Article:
polysemy


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pol·y·se·mous

 (pŏl′ē-sē′məs)
adj.
Having or characterized by many meanings, as the words play and table.

[From Late Latin polysēmus, from Greek polusēmos : polu-, poly- + sēma, sign.]

pol′y·se′my (pŏl′ē-sē′mē, pə-lĭs′ə-) n.

polysemy

(ˌpɒlɪˈsiːmɪ; pəˈlɪsəmɪ)
n
(Linguistics) the existence of several meanings in a single word. Compare monosemy
[C20: from New Latin polysēmia, from Greek polusēmos having many meanings, from poly- + sēma a sign]
ˌpolyˈsemous, polysemic, polyseme adj

pol•y•se•my

(ˈpɒl iˌsi mi, pəˈlɪs ə mi)

n.
diversity of meanings.
[< French polysémie (1897) < Late Latin polysēm(us) with many meanings (< Greek polýsēmos)]
pol`y•se′mous, adj.

polysemy

a diversity of meanings for a given word.
See also: Language
ThesaurusAntonymsRelated WordsSynonymsLegend:
Noun1.polysemy - the ambiguity of an individual word or phrase that can be used (in different contexts) to express two or more different meanings
equivocalness, ambiguity - unclearness by virtue of having more than one meaning
monosemy - having a single meaning (absence of ambiguity) usually of individual words or phrases
Translations

polysemy

[pɒˈlɪsəmɪ] Npolisemia f
References in periodicals archive ?
Instead of ending up with an argument about lexical polysemy as such, he emphasizes the kinds of lexical polysemy that competing notions in these languages provide.
Their topics include itineraries of satire: polysemy and morality in Marguerite de Navarre's HeptamAaAaAeA?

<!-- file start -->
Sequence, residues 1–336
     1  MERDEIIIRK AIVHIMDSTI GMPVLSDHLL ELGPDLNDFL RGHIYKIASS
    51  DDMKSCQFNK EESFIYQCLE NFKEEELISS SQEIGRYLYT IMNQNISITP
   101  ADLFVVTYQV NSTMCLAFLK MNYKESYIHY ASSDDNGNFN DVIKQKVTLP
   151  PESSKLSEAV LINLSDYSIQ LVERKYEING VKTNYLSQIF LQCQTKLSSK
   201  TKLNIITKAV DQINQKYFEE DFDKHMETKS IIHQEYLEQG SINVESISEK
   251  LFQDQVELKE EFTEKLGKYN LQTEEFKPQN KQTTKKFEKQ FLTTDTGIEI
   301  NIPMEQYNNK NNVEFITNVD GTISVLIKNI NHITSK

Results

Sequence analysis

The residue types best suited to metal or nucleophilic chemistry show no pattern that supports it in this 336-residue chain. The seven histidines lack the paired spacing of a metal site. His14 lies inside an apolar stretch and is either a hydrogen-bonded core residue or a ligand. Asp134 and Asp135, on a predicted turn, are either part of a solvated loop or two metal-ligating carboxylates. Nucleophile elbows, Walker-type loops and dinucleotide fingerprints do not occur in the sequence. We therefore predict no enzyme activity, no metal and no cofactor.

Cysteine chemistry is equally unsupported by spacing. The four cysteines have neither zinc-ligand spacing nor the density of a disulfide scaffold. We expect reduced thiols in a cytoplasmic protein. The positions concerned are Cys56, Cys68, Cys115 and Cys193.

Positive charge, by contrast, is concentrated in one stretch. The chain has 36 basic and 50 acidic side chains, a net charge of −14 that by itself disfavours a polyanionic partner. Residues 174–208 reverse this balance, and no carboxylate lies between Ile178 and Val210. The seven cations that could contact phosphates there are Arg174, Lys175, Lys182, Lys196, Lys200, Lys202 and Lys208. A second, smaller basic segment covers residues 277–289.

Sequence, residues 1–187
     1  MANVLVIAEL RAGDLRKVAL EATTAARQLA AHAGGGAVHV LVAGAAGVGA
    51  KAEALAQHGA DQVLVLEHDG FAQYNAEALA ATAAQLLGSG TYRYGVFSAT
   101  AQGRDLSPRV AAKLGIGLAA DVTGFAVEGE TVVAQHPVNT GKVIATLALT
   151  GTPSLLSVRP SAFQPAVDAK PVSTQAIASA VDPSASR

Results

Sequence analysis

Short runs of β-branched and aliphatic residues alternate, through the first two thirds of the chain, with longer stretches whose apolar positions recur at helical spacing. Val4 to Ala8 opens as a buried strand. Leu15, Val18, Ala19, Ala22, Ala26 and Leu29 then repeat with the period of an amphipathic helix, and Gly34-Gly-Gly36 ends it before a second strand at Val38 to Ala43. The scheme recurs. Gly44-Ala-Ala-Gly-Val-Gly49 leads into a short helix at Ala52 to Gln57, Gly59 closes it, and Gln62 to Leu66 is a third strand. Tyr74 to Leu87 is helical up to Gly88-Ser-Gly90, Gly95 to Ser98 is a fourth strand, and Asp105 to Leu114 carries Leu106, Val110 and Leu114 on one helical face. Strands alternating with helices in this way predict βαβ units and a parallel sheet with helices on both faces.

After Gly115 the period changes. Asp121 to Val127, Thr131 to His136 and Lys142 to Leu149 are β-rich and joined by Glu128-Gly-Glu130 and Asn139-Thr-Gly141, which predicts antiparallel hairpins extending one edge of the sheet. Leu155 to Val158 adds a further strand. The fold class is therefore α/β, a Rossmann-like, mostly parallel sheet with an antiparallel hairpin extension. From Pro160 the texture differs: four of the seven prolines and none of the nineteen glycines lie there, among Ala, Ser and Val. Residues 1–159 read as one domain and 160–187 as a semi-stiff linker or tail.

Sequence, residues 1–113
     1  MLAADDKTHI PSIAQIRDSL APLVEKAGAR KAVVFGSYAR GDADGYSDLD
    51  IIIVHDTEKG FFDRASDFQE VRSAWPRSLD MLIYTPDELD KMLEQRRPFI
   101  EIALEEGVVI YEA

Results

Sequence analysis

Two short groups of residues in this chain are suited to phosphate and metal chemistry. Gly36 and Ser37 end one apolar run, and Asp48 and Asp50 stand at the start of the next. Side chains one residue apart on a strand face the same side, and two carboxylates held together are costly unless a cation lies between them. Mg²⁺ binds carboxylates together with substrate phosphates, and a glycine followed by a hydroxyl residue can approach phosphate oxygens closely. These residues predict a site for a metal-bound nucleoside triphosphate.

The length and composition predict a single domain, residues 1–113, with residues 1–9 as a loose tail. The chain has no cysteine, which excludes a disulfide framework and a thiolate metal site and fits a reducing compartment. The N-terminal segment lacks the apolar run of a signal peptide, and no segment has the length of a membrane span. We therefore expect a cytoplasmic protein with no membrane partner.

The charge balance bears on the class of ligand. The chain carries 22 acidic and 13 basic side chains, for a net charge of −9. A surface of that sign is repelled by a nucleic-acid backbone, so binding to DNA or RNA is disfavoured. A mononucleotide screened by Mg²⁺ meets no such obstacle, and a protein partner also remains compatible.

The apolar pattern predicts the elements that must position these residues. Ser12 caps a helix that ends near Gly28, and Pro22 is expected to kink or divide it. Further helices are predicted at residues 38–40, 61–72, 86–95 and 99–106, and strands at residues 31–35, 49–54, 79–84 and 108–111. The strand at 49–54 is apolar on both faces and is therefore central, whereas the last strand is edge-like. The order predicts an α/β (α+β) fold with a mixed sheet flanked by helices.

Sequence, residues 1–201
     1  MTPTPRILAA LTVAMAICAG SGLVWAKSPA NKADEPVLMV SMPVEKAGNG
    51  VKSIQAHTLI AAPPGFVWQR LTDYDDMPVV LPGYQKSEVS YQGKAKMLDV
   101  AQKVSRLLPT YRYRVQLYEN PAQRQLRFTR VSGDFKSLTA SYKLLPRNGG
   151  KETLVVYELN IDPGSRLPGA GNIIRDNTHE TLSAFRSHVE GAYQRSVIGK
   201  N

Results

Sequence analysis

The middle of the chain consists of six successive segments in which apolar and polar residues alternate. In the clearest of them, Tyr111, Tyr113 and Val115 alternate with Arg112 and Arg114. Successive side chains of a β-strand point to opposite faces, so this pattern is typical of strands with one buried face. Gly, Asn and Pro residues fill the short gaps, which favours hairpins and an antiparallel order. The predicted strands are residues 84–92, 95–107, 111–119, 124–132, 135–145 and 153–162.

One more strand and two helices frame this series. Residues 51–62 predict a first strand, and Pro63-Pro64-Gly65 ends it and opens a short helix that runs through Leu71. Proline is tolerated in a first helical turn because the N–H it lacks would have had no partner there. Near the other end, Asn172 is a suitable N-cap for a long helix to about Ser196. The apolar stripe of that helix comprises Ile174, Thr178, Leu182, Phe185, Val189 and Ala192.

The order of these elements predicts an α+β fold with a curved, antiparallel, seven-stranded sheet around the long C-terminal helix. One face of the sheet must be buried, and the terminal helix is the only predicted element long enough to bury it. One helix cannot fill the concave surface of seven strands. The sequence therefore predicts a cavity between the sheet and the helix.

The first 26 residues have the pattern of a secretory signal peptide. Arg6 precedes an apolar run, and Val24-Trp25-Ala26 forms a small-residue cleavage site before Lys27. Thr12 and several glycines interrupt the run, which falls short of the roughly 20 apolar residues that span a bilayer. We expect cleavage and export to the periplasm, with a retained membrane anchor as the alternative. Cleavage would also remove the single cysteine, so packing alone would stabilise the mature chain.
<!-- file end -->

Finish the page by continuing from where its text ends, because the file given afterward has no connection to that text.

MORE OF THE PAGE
Possible sources of this divergence are other causes of polysemy than figurative extension, for example in the sense of [pen.
Secondly, the initial cluster centers are randomly generated, thus the clustering results are unstable and susceptible to noise data points, which lead to the ambiguity of visual words [7], which lies in two areas: synonymy and polysemy.
The task of the public intellectual is to tease out the polysemy of AlDub and craft an alternative discourse.
The play of polysemy here is not solely, or even primarily, the manifestation of a commonplace aesthetic.
Synopsis: "The Good of Recognition" analyzes the polysemy of recognition operative in the thought of two contemporary French thinkers, Emmanuel Levinas (1906-1995) and Paul Ricreur (1913-2005).
272, italics in original), he suggests that polysemy and multiple players can overcome it.
The final consolidation of its meaning was, perhaps unsurprisingly, the work of Ho Chi Minh, who stressed the conceptual and historical difference of 'revolution' from other forms of political protest and in so doing, foreclosed the polysemy of the term in the early stages of its circulation.
On the other hand, approaches to prepositional semantics mostly focus on their polysemy relations, i.
Kintsch's (2001) study describing the prediction algorithm, which makes the language used in a student essay more context dependent, shows that the prediction algorithm is improving the polysemy problem inherent in LSA.